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Arel  (Luxembourgish)
Aarlen  (Dutch)
Arel  (German)
Arlon centre with bell tower of St. Martin
Arlon centre with bell tower of St. Martin's Church
Flag of Arlon
Coat of arms of Arlon
Arlon is located in Belgium
Location in Belgium
Location of Arlon in Luxembourg province
Arlon Luxembourg Belgium Map.svg
Coordinates: 49°41′N 05°49′E / 49.683°N 5.817°E / 49.683; 5.817Coordinates: 49°41′N 05°49′E / 49.683°N 5.817°E / 49.683; 5.817
CommunityFrench Community
 • MayorVincent Magnus (cdH, ARLON 2030)
 • Governing party/iesMR-ARLON 2030
 • Total118.64 km2 (45.81 sq mi)
 • Total29,733
 • Density250/km2 (650/sq mi)
Postal codes
6700, 6704, 6706
Area codes063 (in French)

Arlon (pronounced [aʁlɔ̃] (listen); Luxembourgish: Arel, pronounced [ˈaːʀəl] (listen); Dutch: Aarlen, pronounced [ˈaːrlə(n)] (listen); German: Arel; Walloon: Årlon; Latin: Orolaunum) is a city and municipality of Wallonia located in and capital of the province of Luxembourg in the Ardennes, Belgium. With a population of just over 28,000, it is the smallest provincial capital in Belgium. Arlon is also the capital of its cultural region: the Arelerland (Land of Arlon in Luxemburgish).

The municipality consists of the following districts: Arlon, Autelbas, Barnich, Bonnert, Guirsch, Heinsch, and Toernich. Other population centers include:


Historical affiliations

Roman Empire 57BCE–395
Western Roman Empire 395–480
Francia 481–843
Middle Francia 843–855
Kingdom of Lotharingia 855–900
Duchy of Lorraine 900–950
County of Arlon 950–1214
County of Luxembourg 1214–1353
Duchy of Luxembourg 1353–1795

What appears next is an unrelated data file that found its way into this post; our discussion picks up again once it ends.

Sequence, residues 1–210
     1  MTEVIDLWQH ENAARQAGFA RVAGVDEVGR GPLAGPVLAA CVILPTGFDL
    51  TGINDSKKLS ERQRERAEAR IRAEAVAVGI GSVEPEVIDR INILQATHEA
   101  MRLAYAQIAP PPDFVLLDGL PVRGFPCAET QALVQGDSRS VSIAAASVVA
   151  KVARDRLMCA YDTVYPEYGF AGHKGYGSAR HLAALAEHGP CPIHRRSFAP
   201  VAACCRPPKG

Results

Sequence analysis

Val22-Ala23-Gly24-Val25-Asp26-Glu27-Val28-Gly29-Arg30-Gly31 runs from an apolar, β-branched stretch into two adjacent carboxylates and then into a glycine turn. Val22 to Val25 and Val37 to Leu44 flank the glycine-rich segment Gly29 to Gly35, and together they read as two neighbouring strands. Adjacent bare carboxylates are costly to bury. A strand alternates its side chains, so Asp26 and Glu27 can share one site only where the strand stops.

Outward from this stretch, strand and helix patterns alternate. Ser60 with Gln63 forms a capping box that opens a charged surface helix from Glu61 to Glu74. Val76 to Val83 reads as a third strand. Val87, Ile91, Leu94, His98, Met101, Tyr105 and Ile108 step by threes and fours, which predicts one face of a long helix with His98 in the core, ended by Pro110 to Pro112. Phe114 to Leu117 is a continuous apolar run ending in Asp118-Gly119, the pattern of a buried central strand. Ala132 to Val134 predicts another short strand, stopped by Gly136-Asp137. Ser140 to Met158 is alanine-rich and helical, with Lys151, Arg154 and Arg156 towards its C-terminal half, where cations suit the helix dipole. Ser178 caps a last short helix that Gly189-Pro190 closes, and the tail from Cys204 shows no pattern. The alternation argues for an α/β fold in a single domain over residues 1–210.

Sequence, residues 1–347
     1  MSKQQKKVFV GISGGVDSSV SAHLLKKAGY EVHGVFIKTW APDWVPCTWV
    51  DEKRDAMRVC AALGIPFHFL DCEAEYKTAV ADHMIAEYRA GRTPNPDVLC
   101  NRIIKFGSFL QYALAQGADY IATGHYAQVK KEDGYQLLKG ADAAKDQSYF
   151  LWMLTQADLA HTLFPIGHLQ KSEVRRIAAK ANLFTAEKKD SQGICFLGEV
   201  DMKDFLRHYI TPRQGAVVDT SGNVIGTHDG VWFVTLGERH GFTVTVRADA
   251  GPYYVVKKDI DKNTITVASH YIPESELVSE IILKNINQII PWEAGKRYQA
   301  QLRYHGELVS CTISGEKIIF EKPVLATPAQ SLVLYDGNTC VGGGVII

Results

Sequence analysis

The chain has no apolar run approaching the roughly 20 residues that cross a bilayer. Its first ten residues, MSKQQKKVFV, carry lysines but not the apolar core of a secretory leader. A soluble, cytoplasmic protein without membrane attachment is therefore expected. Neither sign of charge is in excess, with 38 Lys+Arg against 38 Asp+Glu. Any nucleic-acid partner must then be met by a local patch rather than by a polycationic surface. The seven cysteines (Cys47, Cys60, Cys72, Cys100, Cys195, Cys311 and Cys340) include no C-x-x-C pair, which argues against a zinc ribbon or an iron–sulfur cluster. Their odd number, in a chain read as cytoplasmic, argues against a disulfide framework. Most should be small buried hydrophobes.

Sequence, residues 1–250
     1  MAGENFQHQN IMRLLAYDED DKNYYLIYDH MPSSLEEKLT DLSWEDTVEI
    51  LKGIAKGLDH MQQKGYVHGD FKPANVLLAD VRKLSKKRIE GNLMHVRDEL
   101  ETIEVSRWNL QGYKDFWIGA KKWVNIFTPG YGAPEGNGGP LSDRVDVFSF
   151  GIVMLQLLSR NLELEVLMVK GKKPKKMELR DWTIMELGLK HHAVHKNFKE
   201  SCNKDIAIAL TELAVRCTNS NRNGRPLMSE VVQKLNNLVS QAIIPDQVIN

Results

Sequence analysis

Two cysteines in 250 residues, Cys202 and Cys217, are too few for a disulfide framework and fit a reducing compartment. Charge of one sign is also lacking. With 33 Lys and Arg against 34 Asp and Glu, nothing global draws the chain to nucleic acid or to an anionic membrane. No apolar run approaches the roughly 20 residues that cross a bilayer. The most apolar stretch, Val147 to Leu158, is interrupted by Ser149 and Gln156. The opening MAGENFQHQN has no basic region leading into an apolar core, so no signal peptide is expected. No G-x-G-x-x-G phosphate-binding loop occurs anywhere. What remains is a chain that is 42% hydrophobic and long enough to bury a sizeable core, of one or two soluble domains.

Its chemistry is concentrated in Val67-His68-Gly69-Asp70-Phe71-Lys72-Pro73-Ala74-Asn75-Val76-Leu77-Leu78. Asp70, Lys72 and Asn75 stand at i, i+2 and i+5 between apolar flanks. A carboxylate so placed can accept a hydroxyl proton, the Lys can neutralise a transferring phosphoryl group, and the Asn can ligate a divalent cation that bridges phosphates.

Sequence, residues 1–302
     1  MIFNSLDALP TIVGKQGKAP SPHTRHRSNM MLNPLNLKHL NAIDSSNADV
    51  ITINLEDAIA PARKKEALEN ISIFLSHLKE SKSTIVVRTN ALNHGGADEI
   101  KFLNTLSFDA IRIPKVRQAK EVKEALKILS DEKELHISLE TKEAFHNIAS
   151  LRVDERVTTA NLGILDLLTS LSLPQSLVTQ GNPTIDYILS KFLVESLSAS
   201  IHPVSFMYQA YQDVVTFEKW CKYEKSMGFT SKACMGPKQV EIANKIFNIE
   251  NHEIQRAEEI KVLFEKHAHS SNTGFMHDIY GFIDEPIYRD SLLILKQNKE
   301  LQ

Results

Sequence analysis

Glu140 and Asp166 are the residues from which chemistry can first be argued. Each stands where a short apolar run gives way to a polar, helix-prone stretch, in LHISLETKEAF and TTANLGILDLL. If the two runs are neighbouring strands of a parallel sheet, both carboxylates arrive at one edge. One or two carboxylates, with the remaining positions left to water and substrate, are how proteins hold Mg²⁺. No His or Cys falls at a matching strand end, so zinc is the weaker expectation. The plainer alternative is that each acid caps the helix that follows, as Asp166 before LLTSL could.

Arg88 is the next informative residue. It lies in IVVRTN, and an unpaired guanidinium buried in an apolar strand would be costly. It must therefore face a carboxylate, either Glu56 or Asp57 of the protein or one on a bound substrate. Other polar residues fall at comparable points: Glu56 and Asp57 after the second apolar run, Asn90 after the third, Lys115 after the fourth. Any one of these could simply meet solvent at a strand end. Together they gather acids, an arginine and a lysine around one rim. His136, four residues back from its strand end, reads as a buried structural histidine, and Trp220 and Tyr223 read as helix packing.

French Republic 1795–1804
French Empire 1804–1815
Grand Duchy of Luxembourg 1815–1839
 Kingdom of Belgium 1839–present

(Margraviate) County of Arlon
CapitalArel (Arlon)
Historical eraMiddle Ages
• Established
• Raised to margraviate
ca 1167
• United with the County of Luxemburg
• Annexed to the Duchy of Luxembourg
Preceded by
Succeeded by
Duchy of Lorraine
Duchy of Luxembourg

Roman and medieval times

Before the Roman conquests of Gaul, the territory of Arlon and a vast area to the southeast were settled by the Treveri, a Celtic tribe. The local population adapted relatively easily to Roman culture. The number and quality of sculpted stones and monuments that have been unearthed in the area demonstrate that the vicus of Orolaunum quickly became a commercial and administrative centre of Roman civilization. The Germanic invasions of the 3rd century destroyed most of these early advances, despite the defensive walls that had been built on the Knipchen hill to protect the vicus.

During most of the Middle Ages, the population still used the earlier buildings such as the thermae. In 1060, Waleran I of Limburg, Count of Arlon, built a castle on the Knipchen hill hill in the centre of the town.

A dynasty of counts of Arlon began with Waleran I, Duke of Limburg. On the death of Duke Waleran III in 1226, Arlon passed to his son from the second marriage, Henry V the Fair, Count of Luxembourg, and became part of the county of Luxembourg. Thus, in the Tournament of Chauvency, his son Henry the Lion bore the title of Marquis of Arlon.